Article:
Avantwhatever is the organisation established by Ben Byrne to promote and publish his own works and those of his peers through concerts and also limited edition CDs. Matt Chaumont’s Linea started the collection in 2010 (reviewed here) with offerings by Arek Gulbenkoglu and Dale Gorfinkel, Alex White, Ivan Lysiak and Byrne himself coming out in reasonably rapid succession. While each of these artists has a distinctive approach, there is a shared sense of austerity—a serious, focussed and unadorned investigation into the essence of their materials—giving Avantwhatever a ‘house style,’ also reflected in the almost identical covers made from basic brown recycled paper.
002 gulbenkoglu gorfinkel, vibraphone/snare
Vibraphone/Snare, a single track running for just over 21-minutes, is an improvisational pursuit of vibration. Gorfinkel on prepared vibraphone and Gulbenkoglu on snare, are united in their love of small motors that they apply to their instruments (Gorfinkel also utilising the inbuilt motor of the vibraphone) and it is often impossible to tell who is generating which sound. The hum of insect-like motors underpins nearly everything, however the detail is in the changing pitches of the drives and the range of rattles, flaps and rumbles elicited from various applications. The materials dictate the structure, as new tones and hums, semi-regular rhythms and unforseen eruptions guide the players into the next moment. The recording (Rosalind Hall) is also unfussy, with a central focus, and not so much sense of the room in which it is performed. Small details play out on the edges of the stereo field, but never distract from the core of sounds in the middle. There’s no adornment here, only actions and sonic consequences blurring to create a kind of ascetic music.
003 ben byrne, disposition
Byrne’s contribution on laptop, mixer and electronics is the shortest of the selection running at 18-minutes. There is a clear sense of structure, both within the pieces themselves and the composition as a whole, divided across five distinct sections. “Part I” introduces Byrne’s sounds, dense with digital bleeps, spurts, glitches and fricatives always kept on the edge of chaos. “Part II” introduces a brief and elusive calm in the form of high, pinging, tinnitus-like tones. This is rudely swept away by “Part III”—the longest track and offered as a centrepiece of abrupt eructations, all angles and sudden shifts, with big fat squelchy sounds coarsely ground. “Part IV” maintains tension, and while never approaching figuration, seems darker and more urgent, with insistent longer tones and a clearer feeling of phrasing. Finally “Part V” seems to combine approaches from all the previous sections, somehow offering a simultaneous sense of fragmentation and sustain. While it’s a short set, the focus on structure makes Disposition satisfyingly intense.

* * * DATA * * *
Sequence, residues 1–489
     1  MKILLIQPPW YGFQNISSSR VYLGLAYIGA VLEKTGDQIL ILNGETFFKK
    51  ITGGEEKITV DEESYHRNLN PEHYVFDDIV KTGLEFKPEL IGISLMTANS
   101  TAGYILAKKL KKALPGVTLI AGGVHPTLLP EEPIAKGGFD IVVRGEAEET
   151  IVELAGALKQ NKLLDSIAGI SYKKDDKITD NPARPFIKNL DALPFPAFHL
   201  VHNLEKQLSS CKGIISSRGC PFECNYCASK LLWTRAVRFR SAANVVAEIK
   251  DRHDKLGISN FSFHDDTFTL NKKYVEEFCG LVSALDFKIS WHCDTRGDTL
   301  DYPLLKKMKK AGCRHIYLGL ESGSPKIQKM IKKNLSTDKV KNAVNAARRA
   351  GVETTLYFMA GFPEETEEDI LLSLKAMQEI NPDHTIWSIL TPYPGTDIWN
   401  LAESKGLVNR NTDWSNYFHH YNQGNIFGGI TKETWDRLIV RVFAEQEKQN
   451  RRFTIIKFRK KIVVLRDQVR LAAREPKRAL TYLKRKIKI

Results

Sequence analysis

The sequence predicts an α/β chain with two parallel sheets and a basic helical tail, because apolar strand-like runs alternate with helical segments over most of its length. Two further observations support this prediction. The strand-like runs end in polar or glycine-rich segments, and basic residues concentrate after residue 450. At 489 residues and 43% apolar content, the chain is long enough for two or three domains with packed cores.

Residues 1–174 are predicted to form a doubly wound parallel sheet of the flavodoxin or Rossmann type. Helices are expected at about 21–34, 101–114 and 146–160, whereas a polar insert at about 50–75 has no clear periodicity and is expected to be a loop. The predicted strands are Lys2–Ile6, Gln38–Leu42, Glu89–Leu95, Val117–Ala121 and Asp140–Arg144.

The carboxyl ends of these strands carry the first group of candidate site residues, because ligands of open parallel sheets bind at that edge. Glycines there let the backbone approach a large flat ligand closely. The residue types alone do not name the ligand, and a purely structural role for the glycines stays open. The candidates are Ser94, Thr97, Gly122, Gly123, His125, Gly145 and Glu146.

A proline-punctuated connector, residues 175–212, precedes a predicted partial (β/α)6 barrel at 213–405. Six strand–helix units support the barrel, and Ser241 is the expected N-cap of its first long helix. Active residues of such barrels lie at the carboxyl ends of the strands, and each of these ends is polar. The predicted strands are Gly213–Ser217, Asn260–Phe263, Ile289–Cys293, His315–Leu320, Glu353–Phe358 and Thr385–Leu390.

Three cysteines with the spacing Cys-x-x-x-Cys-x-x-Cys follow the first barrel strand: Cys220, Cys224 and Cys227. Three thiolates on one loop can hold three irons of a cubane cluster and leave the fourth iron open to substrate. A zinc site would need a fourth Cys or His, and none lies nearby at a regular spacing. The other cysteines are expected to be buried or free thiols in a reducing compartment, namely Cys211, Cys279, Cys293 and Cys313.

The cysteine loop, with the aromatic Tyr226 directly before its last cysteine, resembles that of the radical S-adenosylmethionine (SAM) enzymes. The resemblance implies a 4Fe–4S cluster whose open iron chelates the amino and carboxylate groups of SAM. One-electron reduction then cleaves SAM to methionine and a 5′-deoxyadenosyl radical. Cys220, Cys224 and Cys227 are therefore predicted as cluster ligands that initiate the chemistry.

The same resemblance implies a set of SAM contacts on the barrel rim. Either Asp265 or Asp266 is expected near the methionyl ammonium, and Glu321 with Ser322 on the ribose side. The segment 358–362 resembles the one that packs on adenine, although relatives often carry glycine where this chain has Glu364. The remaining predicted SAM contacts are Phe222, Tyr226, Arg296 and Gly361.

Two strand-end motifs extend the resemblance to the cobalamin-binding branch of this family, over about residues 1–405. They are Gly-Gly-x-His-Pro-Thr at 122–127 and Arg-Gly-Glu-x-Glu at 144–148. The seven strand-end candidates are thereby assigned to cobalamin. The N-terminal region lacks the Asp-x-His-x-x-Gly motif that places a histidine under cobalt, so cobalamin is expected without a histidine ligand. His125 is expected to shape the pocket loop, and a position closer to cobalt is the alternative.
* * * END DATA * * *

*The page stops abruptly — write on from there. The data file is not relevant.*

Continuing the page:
004 alex white, genuine instability
The loudest and nastiest sounding of the collection, White’s CD Genuine Instability, made using Reaktor software, offers the most emotionally engaging listening experience perhaps because it’s the first of the series to use figurative track names. The title track, “Genuine Instability,” offers just that with signals pushed until they disintegrate; wide, dirty tones stretching and breaking across the stereo field; coarse granules disappearing into split second silences. “Customer Service Experience” is full of insistent, insect buzzes and heavy electromagnetic sounding hum. Phrasing is strong as sections shift in and out of focus, agilely scanning through the frequency spectrum and petering out to high impotent pings. “Event Loop” also delivers on its promise with a densely textured phrase that loops for over 15-minutes, but which invites an almost psychotic attention to detail as you start to hear minuscule shifts in the static. Best at volume, White’s work becomes visceral, curiously embodied despite its utterly digital origins.
005 ivan lysiak, southwest line
For this release, Ivan Lysiak works purely with feedback generated from guitar, amps and pedals. Each of the three tracks, named after train stations on Sydney’s south- west rail line, runs to just over 10-minutes with each exploring a different feedback pursuit. “Leumeah” works with a mid-range pure tone that develops octave harmonics devolving in to lower hums. Silence is allowed as signals falter and break, only to be built up again. Most surprising is a kind of trumpet-like repeated note that finally devolves into a flat nasal whine. “Ingleburn” works with a higher tone, over- and under-tones hovering on edges that eventually invade and morph into low flutters. The final track “Macarthur” surprises again with faster transitions between notes and a growing, crackly electrical interference that Lysiak shreds into ever-smaller units. South West Line is sparse, yet never static, with a constant sense of sound waves in motion, evolution and entropy.
Avantwhatever recordings are quintessentially and unapologetically difficult listening. Having heard all these artists play live, there is definitely something more satisfying in experiencing their works live and in the moment, no matter how much or how little gestural performativity is needed to make them. A large sound system and the collective listening experience better allows for the level of concentration required to really appreciate the impact of these sounds. However it’s important that these practices are documented, and Avantwhatever is creating a vital collection of some of the most interesting and challenging music currently being made.
RealTime issue #105 Oct-Nov 2011 pg. web
© Gail Priest; for permission to reproduce apply to firstname.lastname@example.org